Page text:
The Best Efforts clause requires parties to exercise their "best efforts" to perform their contractual obligations. The provision is a more specific definition of the implied covenant to act in good faith.
The clause may be applied to a wide range of different agreements and many different types of obligations, such as performance required to consummate a transaction, obtain regulatory approval, secure financing, sell property, or develop software.v
The clause may appear in the covenants section or in the miscellaneous provisions. It is closely related to further assurances and sometimes is combined. The obligation can also be incorporated as a performance standard in a wide range of terms, such a duty of performance in an employment agreement or a covenant to obtain consents.
Best Efforts. The parties shall use its reasonable best efforts to take all actions to make effective the Merger and the other transactions contemplated by this Agreement as promptly as practicable, including
obtaining all necessary consents, approvals or waivers from any Governmental Entity,
obtaining all necessary consents, approvals or waivers from third parties,
defending any lawsuits or other legal proceedings challenging this Agreement or the consummation of the transactions contemplated by this Agreement, and
executing and delivering any additional instruments necessary to consummate the transactions contemplated by this Agreement.
Jonathan Pink asserts that the clause should be clearly drafted and detailed in its obligations. "When it comes to contractual provisions, no one benefits by being left to guess at what was meant by the words on the page. A best efforts clause must expressly state what is meant by this term-and most important, how to measure compliance." Making the Best of a Best Efforts Clause, Oct 23rd, 2008.
Daniel A. Batterman also makes a case for specificity stating that it may make sense to put a monetary or time value on efforts. In reviewing a case containing a vague best efforts provision, he observes "[h]ad the parties agreed to specific actions that were to be taken rather than leaving it open-ended, litigation might have been avoided."┬á "But I'll Try Really, Really Hard!": Using "Best Efforts" Clauses.
Parties who use "best efforts" clauses run the risk of injecting a significant amount of uncertainty into their contracts. Counsel should carefully scrutinize all contracts using "best efforts" language to determine whether more precise language can be used." Proceed with Caution When Using 'Best Efforts' Clauses, Susan C. Levy, Clay Stiffler & Rayna Matczak,┬áJanuary, 2008 Lawyers Weekly Inc.
Best Efforts and Endeavours-Case Analysis and Practical Guidance Under U.S. and U.K. Law, JonesDay, July 2007.
Understanding Your Distribution Contract: The "Best Efforts" Clause,Robert Procter, Axley Brynelson, February 1, 2011.
Best Efforts - Friend or Foe?, Tammi Franke, Technology and Digital Media Law, August 5, 2009.
Level of Effort
Ken Adams of Koncision reviewed a large number of agreements filed with the SEC in January 2004. He captured and tabulated the range of effort standards finding "that best efforts was the phrase used most often, but commercially reasonable efforts, reasonable best efforts, and reasonable efforts were each used often, in the aggregate more so than best efforts. Good-faith efforts, commercially reasonable best efforts, and diligent efforts were used significantly less often, while good-faith best efforts, every effort, and an oddity, commercially reasonable and diligent efforts, bring up the rear." Understanding "Best Efforts" And Its Variants (Including Drafting Recommendations), Kenneth A. Adams, 2004. Ken observes that lawyers generally perceive "best effort" to be the strictest standard of performance and may require parties to undertake performance even at the risk of bankrupting a business. Courts, on the other hand, may not impose such strict obligations. Ken concludes his examination of efforts clauses stating: "[a]lthough the term best efforts and its variants are a standard feature of contracts, there is much confusion surrounding what those terms mean. Furthermore, a court could hold that a party subject to an efforts provision was obligated to make efforts out of proportion to the benefits to it under the contract in question." Id.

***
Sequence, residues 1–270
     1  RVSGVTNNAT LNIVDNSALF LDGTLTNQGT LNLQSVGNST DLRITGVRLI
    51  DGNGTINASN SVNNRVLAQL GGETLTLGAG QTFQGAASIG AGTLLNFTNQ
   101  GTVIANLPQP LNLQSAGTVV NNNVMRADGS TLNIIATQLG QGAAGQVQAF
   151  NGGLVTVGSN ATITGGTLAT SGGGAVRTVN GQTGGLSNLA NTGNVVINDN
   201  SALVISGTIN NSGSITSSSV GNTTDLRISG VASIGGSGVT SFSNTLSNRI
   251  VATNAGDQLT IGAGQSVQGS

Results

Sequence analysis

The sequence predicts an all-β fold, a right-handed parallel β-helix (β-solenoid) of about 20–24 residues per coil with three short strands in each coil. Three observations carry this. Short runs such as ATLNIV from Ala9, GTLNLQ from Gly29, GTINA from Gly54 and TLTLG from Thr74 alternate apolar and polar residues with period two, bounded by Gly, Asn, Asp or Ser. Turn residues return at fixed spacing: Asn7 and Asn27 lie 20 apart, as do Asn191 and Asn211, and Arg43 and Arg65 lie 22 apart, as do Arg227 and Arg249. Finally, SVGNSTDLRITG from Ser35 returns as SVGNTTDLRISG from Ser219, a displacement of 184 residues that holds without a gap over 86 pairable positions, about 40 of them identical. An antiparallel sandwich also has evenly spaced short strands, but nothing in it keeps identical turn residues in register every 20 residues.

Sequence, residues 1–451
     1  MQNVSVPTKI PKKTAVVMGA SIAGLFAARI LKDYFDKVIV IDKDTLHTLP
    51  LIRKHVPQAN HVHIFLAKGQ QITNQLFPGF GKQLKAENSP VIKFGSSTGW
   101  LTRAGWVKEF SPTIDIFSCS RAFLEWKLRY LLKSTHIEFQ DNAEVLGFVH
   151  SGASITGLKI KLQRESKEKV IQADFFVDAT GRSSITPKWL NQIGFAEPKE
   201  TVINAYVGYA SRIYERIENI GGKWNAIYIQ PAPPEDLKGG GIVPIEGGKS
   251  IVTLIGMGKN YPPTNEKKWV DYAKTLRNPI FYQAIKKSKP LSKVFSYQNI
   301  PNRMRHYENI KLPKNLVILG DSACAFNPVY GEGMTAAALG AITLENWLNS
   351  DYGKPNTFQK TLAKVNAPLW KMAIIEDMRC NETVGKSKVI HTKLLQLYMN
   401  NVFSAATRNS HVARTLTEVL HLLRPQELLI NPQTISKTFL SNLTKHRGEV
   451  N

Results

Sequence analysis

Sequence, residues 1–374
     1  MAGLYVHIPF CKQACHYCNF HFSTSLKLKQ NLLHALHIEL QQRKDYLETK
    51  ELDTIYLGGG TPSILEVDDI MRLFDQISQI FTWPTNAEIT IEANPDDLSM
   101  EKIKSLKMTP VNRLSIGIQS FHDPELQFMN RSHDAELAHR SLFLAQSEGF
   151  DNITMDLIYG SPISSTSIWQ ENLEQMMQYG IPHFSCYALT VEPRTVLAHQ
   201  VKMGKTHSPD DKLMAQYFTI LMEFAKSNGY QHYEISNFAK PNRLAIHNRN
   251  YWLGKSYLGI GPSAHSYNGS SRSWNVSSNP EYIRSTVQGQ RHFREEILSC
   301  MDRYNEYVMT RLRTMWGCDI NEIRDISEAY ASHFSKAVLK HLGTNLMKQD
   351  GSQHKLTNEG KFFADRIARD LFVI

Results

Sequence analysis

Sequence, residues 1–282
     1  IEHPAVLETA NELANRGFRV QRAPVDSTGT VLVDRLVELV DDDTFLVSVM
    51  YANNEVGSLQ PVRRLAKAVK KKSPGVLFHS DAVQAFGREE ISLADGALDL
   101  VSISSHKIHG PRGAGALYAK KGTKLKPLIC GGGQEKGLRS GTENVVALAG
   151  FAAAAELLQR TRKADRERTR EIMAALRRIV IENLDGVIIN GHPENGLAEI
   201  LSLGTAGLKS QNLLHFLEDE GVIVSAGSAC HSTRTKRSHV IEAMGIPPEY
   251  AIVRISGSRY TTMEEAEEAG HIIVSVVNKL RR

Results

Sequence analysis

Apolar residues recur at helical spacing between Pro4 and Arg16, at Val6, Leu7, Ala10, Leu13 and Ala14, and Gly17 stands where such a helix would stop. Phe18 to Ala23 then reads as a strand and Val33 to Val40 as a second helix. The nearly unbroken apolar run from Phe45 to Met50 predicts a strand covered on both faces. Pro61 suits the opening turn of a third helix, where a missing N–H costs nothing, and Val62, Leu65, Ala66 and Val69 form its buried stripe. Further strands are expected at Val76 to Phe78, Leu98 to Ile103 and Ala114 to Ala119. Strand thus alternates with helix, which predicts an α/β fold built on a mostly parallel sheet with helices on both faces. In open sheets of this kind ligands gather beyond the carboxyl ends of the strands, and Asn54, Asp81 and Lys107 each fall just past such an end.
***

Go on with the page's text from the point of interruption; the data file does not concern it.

(a) Actions: take, or cause to be taken, all action and to do, or cause to be done, all things reasonably necessary, proper or advisable under any Applicable Law to consummate the transactions contemplated by this Agreement and any document to be executed in connection with this Agreement;
(b) Consents and Approvals: obtain all approvals, consents, registrations, permits, authorizations and other confirmations required to be obtained from any third party or Governmental Authority necessary, proper or advisable to consummate the transactions contemplated by this Agreement;
(c) Execute Documents: execute and deliver such documents, certificates and other papers as a Party may reasonably request to evidence the other Party's satisfaction of its obligations under this Agreement.
The clause may specify the performance obligation in great detail. For example, the law firm of Cravath, Swaine & Moore LLP typically drafts very detailed requirements. See, for example, Section 5.03 of Agreement and Plan of Merger, dated as of January 28, 2011. The purpose of such detailed statements of expected performance is to add greater certainty to the provision. The basic clause does not provide much detail regarding what action are expected and how much effort is required.